So, should we be worried that at the top of the list we find recycling, a (very) moderate-impact action, or happy that at least it’s not a low-impact one?

5. What’s missing? Benchmark & Mint for personal carbon management

In “The Big PivotAndrew Winston uses the metaphor of a boat filling with water to describe the absurdity of our approach to companies and how much they do about climate change:

“Time is running short, and everyone needs to help bail. But how fast should we work? We could ask people in the boat how much they think they can scoop out in the next hour, and then suggest they stretch a bit. But shouldn’t we first calculate how much water we must bail to keep afloat, and then divvy up the task? It’s the only practical path, right?”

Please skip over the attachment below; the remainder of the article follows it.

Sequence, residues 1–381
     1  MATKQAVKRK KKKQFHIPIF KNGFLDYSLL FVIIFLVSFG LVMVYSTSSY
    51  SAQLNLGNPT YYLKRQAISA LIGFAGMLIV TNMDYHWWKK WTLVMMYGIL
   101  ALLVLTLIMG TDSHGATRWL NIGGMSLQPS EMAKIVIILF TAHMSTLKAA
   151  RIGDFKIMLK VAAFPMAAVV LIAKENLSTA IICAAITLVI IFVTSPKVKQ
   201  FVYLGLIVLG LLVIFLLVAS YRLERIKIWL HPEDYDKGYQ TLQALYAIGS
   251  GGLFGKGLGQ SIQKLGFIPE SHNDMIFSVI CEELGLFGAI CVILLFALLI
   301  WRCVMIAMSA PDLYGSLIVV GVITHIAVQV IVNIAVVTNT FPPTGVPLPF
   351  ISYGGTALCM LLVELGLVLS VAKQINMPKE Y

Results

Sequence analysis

This is true for individuals as well. When we consider climate mitigation through changes in consumption we need a clear benchmark — we need to know not only what we currently do, but also how much we need to do in order to understand how far behind we are. We need to translate the Paris Agreement goals to per-capita emissions and then consider how do we get there. Girod et al. for example calculated that meeting the 2 degrees Celsius target is translated into 2.1 ton CO2e per capita in 2050. Just to give you an idea where we are now — according to the World Bank, in the U.S. the per capita emissions is around 16.5 ton CO2e. In the E.U. it’s 6.5 ton CO2e and in China it’s 7.5 CO2e.